Bet­ter safe than sorry

Advertiser (Grand Falls) - - Editorial -

As “house­keep­ing” changes go in leg­is­la­tion at the House of As­sem­bly, this one looks like the house­keep­ing-est. Bill 16, which is meant to amend the Court Se­cu­rity Act, ac­tu­ally changes only a hand­ful of words, adding “or in­quiry” to the def­i­ni­tion of court ar­eas that can use sher­iff’s of­fi­cers for se­cu­rity, and then adding a def­i­ni­tion that an in­quiry is an in­quiry un­der part one or part two of the Pub­lic In­quiries Act.

It will go through all the nec­es­sary process of the House of As­sem­bly, in all like­li­hood have very lit­tle de­bate, then get royal as­sent and be pro­claimed as law.

But what’s per­haps most in­ter­est­ing about Bill 16 and the change in law is the ge­n­e­sis of the change.

The prov­ince’s jus­tice min­is­ter, An­drew Par­sons, says the Com­mis­sioner of the Muskrat Falls In­quiry, Richard LeBlanc, re­quested that sher­iff ’s of­fi­cers pro­vide se­cu­rity for the in­quiry.

It’s a first since the Court Se­cu­rity Act was brought in back in 2010.

What’s in­ter­est­ing about that is sher­iff’s of­fi­cers have a pretty broad range of pow­ers un­der the act: as peace of­fi­cers, they’re al­lowed to search at­ten­dees, and are even al­lowed to use “rea­son­able force” to evict peo­ple from the area the in­quiry is us­ing.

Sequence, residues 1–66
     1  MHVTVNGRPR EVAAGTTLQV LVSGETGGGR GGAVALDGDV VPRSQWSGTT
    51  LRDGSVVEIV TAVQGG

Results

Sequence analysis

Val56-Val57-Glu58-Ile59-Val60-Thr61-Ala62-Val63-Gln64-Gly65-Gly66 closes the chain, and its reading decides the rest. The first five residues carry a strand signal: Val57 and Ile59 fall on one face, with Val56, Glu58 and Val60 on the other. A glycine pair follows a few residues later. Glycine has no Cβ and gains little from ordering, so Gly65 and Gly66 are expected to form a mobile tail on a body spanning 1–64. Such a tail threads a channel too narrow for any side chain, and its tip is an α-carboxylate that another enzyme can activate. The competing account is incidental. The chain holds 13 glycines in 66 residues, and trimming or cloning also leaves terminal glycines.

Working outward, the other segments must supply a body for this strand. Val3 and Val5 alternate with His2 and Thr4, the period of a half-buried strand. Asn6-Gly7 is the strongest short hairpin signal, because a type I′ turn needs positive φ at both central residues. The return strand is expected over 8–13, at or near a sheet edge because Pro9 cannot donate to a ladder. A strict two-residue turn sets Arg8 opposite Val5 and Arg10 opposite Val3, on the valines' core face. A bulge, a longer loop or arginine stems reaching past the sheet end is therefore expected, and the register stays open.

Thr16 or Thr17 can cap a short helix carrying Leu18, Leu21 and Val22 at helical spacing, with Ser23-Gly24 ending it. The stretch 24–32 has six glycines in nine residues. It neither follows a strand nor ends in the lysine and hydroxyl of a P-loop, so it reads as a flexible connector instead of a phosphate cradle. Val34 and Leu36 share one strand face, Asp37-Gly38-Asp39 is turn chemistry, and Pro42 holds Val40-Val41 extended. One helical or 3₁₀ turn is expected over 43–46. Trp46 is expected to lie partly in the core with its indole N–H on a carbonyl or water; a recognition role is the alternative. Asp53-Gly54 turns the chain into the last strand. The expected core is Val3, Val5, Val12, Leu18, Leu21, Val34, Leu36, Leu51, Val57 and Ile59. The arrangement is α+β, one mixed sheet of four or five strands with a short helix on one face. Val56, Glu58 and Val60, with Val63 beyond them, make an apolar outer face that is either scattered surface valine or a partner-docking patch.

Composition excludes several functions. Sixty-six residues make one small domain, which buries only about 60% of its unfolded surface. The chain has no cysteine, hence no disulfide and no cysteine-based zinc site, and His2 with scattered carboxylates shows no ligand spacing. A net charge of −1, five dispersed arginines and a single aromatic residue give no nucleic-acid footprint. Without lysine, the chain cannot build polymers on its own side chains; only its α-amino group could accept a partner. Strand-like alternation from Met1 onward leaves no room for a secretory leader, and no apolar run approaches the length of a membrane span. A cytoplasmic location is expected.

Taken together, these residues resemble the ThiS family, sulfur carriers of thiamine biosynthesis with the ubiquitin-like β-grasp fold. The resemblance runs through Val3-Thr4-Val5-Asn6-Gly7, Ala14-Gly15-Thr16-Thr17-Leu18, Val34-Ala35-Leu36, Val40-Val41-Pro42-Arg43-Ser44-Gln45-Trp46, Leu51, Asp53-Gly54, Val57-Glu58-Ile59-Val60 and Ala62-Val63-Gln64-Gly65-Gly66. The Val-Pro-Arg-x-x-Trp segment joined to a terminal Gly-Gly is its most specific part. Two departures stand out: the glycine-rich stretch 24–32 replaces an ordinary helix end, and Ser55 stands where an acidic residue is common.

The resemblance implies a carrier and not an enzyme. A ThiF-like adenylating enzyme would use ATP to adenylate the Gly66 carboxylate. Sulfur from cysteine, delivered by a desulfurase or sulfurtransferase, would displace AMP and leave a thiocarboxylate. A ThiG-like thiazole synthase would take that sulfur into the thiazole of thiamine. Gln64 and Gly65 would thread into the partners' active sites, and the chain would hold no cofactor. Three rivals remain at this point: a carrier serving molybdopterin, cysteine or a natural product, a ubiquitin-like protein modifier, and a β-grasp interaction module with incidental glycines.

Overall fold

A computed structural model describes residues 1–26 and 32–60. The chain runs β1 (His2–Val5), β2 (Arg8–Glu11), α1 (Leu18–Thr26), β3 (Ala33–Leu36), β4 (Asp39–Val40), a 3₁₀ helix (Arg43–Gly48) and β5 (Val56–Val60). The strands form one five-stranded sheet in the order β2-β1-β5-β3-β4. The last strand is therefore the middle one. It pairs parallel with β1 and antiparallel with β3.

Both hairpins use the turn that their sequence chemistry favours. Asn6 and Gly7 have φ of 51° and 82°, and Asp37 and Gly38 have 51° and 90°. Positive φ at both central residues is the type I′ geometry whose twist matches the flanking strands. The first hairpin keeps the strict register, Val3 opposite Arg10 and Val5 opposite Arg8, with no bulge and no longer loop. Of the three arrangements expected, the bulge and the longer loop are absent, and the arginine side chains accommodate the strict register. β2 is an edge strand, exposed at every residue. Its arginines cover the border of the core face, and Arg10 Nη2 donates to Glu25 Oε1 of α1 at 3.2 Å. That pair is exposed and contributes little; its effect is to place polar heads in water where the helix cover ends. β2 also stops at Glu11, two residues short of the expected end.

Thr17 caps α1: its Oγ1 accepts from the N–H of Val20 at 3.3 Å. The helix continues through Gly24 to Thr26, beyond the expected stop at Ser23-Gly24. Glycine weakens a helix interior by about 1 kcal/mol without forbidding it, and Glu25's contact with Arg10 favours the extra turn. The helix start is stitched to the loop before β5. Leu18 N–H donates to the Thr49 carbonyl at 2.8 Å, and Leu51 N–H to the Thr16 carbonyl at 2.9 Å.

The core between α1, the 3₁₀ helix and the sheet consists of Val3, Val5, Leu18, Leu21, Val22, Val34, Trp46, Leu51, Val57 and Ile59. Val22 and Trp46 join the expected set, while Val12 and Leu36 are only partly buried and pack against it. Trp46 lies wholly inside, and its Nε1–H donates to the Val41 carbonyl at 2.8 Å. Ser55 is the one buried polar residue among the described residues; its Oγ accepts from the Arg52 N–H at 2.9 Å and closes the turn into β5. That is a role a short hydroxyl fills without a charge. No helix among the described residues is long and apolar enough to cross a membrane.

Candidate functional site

It might be that sher­iff ’s of­fi­cers are a fa­mil­iar level of se­cu­rity for Jus­tice LeBlanc, who has held po­si­tions on the pro­vin­cial and Supreme Court benches. It may be that us­ing the of­fi­cers is the sim­plest and most straight­for­ward way to pro­vide se­cu­rity. But it may also be a lit­tle bit of ju­di­cial fore­thought.

Of­ten, pub­lic in­quiries, such as the re­cent in­quiry into the death of Don­ald Dun­phy, deal with is­sues that have al­ready moved into a more re­flec­tive stage; the events that are be­ing in­ves­ti­gated have al­ready oc­curred, and the fo­cus is on look­ing back at the process. For its en­tire run, the Dun­phy In­quiry spent just $2,744 of its $2.9 mil­lion bud­get on se­cu­rity.

But in some ways, the Muskrat Falls in­quiry will be look­ing into a live is­sue: the project isn’t com­plete, there are still ac­tive con­cerns about the project’s po­ten­tial to create flood­ing or land­slides and create health is­sues like methylmer­cury con­tam­i­na­tion, and there are still le­git­i­mate protests oc­cur­ring as far afield as at Par­lia­ment in Ot­tawa. The govern­ment, for ex­am­ple, has still not ex­plained what level of ad­di­tional soil and veg­e­ta­tion clear­ing will be done in the reser­voir.

The Muskrat Falls In­quiry is ex­pected to be long, not start­ing its hear­ings un­til this fall and not pro­duc­ing a fi­nal re­port un­til late 2019, with hear­ings be­ing held spread out over roughly seven months of that time.

It’s not un­rea­son­able to be­lieve that it might also be a pub­lic and ac­ces­si­ble fo­cal point for peo­ple who are frus­trated with their in­abil­ity to be heard and with the fi­nan­cial bur­den the project will bring to bear.

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